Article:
The Madison School Board will have at least two contested races this spring.
Wayne Strong, who has run unsuccessfully for the board two times in the past, filed paperwork to run for Seat 7 against incumbent Nicki Vander Meulen. Strong is a former Madison Police Department lieutenant and director of workforce development at the Urban League of Greater Madison.
Christina Gomez Schmidt, who founded the Madison Partnership for Advanced Learning in 2013 and is the director of enrichment for Galin Education, filed to run for Seat 6 against fellow newcomer Maia Pearson, who announced her candidacy on Monday. Incumbent Kate Toews is not running for re-election to that seat.
Savion Castro, who was appointed to Seat 2 after Mary Burke resigned last summer, is running for re-election and is currently unopposed.
The board members elected in April will be working with a new superintendent, expected to be hired by February and begin by July 1. Within their first year, they will also potentially make a decision on two referenda for the November ballot and consider removing a school resource officer from one of the district’s comprehensive high schools.
MMSD’s School Board seats are at-large, meaning any district resident over 18 can run for any seat they choose. The filing deadline for candidates is Jan. 7. The general election is April 7, and if more than two candidates run for any seat, there would be a primary Feb. 18.
Seat 6 race
Gomez Schmidt has been outspoken in recent years about the importance of MMSD providing more challenges for its advanced learners, especially in response to a United States Department of Education Civil Rights Office agreement signed in 2016 related to disparities in advanced coursework enrollment.
She said in an emailed statement Thursday her priorities would include continuing work on equity issues, effectively managing the budget, assisting with selection of a new research-based literacy curriculum and rebuilding trust with the community. She wrote that she believes "strong public schools are the foundation of any strong, vibrant community."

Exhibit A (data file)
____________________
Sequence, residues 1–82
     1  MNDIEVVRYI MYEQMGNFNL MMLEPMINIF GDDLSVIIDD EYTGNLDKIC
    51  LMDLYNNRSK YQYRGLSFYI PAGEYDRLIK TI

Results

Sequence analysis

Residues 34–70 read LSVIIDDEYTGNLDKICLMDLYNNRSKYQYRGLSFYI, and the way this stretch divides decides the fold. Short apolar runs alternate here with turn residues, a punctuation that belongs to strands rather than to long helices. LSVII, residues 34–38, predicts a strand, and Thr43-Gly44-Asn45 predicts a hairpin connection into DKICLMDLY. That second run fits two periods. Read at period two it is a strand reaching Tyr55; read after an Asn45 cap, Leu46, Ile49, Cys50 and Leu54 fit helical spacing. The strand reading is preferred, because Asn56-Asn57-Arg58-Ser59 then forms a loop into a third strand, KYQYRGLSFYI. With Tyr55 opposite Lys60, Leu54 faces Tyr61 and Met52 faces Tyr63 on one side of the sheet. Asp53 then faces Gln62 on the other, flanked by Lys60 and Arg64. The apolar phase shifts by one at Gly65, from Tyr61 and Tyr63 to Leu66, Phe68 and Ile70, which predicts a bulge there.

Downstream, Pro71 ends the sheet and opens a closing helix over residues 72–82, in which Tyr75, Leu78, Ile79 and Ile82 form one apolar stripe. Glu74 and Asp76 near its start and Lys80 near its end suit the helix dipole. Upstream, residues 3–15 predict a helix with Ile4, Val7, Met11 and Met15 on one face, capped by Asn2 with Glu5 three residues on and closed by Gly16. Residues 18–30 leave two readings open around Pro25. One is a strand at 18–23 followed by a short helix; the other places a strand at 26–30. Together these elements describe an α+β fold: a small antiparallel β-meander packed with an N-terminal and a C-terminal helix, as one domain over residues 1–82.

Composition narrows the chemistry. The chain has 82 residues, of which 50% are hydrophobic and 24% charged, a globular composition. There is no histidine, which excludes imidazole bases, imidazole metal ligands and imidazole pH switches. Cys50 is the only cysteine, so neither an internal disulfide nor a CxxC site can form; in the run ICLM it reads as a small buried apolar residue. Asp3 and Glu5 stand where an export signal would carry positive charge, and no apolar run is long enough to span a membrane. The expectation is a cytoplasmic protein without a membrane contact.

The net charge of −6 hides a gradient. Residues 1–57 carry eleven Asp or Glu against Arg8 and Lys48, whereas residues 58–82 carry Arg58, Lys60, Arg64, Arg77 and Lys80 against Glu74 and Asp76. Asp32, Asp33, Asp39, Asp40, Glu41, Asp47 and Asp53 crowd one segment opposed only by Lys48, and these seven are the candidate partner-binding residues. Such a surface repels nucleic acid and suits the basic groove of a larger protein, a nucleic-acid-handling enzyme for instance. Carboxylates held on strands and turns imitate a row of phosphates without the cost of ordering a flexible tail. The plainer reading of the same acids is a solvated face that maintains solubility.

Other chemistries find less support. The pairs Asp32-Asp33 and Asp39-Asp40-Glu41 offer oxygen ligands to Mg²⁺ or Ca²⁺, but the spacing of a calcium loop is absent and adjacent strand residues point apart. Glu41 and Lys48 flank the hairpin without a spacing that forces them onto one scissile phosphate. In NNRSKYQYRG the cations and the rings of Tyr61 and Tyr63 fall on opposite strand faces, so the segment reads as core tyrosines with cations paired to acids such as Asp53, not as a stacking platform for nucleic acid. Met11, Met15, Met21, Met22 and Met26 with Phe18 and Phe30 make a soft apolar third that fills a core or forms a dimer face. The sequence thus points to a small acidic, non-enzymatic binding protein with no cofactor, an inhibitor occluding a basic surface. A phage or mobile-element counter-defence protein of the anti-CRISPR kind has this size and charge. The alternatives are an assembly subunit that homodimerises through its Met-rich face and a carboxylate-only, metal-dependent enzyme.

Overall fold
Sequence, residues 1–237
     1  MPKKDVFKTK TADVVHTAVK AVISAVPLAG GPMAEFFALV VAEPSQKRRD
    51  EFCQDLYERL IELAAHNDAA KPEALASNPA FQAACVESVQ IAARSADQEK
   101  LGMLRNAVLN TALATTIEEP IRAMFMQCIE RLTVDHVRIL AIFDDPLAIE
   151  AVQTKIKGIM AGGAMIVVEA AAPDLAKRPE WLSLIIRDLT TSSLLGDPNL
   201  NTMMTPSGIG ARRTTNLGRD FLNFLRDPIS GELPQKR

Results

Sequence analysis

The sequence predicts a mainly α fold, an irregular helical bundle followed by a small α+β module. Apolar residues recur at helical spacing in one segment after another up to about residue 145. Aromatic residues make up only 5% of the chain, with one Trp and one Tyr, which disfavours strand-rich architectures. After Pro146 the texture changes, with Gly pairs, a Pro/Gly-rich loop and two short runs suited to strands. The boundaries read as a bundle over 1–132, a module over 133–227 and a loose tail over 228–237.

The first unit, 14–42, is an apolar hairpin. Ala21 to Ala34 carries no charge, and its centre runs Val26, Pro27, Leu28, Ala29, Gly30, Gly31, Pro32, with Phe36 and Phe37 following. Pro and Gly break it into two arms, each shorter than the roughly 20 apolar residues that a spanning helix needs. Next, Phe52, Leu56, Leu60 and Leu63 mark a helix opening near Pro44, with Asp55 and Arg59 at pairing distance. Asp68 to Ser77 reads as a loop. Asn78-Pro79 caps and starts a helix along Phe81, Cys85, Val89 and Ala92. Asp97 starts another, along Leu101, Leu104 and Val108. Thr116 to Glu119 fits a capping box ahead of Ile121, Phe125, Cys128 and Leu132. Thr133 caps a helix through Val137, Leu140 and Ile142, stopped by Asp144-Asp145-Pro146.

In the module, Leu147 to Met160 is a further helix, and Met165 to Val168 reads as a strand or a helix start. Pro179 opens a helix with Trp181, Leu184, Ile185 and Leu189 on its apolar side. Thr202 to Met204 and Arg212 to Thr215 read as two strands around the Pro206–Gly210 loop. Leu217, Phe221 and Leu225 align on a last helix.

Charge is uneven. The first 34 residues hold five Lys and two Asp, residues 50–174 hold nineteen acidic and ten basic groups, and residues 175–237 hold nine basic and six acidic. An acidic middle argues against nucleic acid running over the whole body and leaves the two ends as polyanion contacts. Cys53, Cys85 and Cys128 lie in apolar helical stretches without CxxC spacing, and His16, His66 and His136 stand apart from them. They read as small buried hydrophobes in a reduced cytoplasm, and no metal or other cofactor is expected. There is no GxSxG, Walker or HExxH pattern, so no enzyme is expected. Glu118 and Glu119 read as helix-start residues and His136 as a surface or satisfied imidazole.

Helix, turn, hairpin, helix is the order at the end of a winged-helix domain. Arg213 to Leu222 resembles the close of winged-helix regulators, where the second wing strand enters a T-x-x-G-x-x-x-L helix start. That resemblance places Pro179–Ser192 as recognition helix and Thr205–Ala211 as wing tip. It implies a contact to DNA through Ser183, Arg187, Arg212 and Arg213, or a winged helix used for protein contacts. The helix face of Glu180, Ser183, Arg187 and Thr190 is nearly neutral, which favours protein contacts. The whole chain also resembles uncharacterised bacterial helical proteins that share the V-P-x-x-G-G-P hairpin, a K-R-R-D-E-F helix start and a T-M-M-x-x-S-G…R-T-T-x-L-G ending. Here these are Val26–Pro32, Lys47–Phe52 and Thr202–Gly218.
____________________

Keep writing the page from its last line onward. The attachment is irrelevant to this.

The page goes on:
"I've worked as an education advocate in Madison for many years and have built a foundational understanding of both the strengths and challenges of our school district," she wrote. "I am ready to work with the dynamic, diverse and talented groups of people across Madison who are dedicated to our schools."
In her announcement Monday, Pearson said her candidacy was “not just a personal endeavor.”
“Moreso because I really want to make sure the children of Madison have everything necessary to succeed,” Pearson said. “I am a firm believer that every child is special, every child can succeed, all they need is everyone to come with them to make sure that they grow.”
She was one of 29 applicants for the seat that Castro was appointed to in July.
Seat 7 race
For the past seven months, Strong has been a program associate with the National Council on Crime and Delinquency. Strong said in an interview Thursday he considers school safety and racial disparities in discipline and achievement to be the top issues facing MMSD.
“We have to make sure that our schools are safe and that they’re safe learning environments for our kids to learn and for our teachers to teach in,” Strong said. He stressed the importance of “tackling the achievement gap and just making sure that all of our students are given the best possible opportunity to get the quality education they deserve.”
He said he dislikes having to choose a seat to run for in Madison’s at-large system, but determined Seat 7 was the “most comfortable” for him at this time. As someone who had children go through Madison schools and will have grandchildren in them in the future, Strong said he thinks he can provide leadership on the board and that he has a "passion for education."
Vander Meulen said Thursday she was “glad to have a challenger” so that voters can make a choice based on what they value. She said the board’s three jobs are to make a budget, listen to constituents and write policies — and that they need to do more on the last of those.
“I’m choosing to run again because I want to continue to be a voice for the voiceless,” Vander Meulen said, citing the achievement gap and graduation rate for students with disabilities. “Things aren’t changing and they need to and the only way that happens is by speaking up and advocating.”
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